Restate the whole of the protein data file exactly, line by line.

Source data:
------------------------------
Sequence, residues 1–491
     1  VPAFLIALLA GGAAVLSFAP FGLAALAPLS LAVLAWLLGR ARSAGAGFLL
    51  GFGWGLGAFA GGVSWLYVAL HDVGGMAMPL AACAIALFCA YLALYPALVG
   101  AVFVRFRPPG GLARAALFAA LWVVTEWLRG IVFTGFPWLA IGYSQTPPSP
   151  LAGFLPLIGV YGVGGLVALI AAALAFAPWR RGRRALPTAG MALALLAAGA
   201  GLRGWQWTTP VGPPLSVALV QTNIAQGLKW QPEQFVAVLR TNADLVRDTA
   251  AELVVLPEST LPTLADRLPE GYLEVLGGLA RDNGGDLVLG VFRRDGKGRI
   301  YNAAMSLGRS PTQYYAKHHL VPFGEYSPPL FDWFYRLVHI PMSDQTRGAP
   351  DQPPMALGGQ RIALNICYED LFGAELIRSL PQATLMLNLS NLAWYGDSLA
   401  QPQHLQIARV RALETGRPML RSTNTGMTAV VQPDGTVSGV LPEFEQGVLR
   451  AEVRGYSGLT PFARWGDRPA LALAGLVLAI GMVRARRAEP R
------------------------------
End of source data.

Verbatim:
Sequence, residues 1–491
     1  VPAFLIALLA GGAAVLSFAP FGLAALAPLS LAVLAWLLGR ARSAGAGFLL
    51  GFGWGLGAFA GGVSWLYVAL HDVGGMAMPL AACAIALFCA YLALYPALVG
   101  AVFVRFRPPG GLARAALFAA LWVVTEWLRG IVFTGFPWLA IGYSQTPPSP
   151  LAGFLPLIGV YGVGGLVALI AAALAFAPWR RGRRALPTAG MALALLAAGA
   201  GLRGWQWTTP VGPPLSVALV QTNIAQGLKW QPEQFVAVLR TNADLVRDTA
   251  AELVVLPEST LPTLADRLPE GYLEVLGGLA RDNGGDLVLG VFRRDGKGRI
   301  YNAAMSLGRS PTQYYAKHHL VPFGEYSPPL FDWFYRLVHI PMSDQTRGAP
   351  DQPPMALGGQ RIALNICYED LFGAELIRSL PQATLMLNLS NLAWYGDSLA
   401  QPQHLQIARV RALETGRPML RSTNTGMTAV VQPDGTVSGV LPEFEQGVLR
   451  AEVRGYSGLT PFARWGDRPA LALAGLVLAI GMVRARRAEP R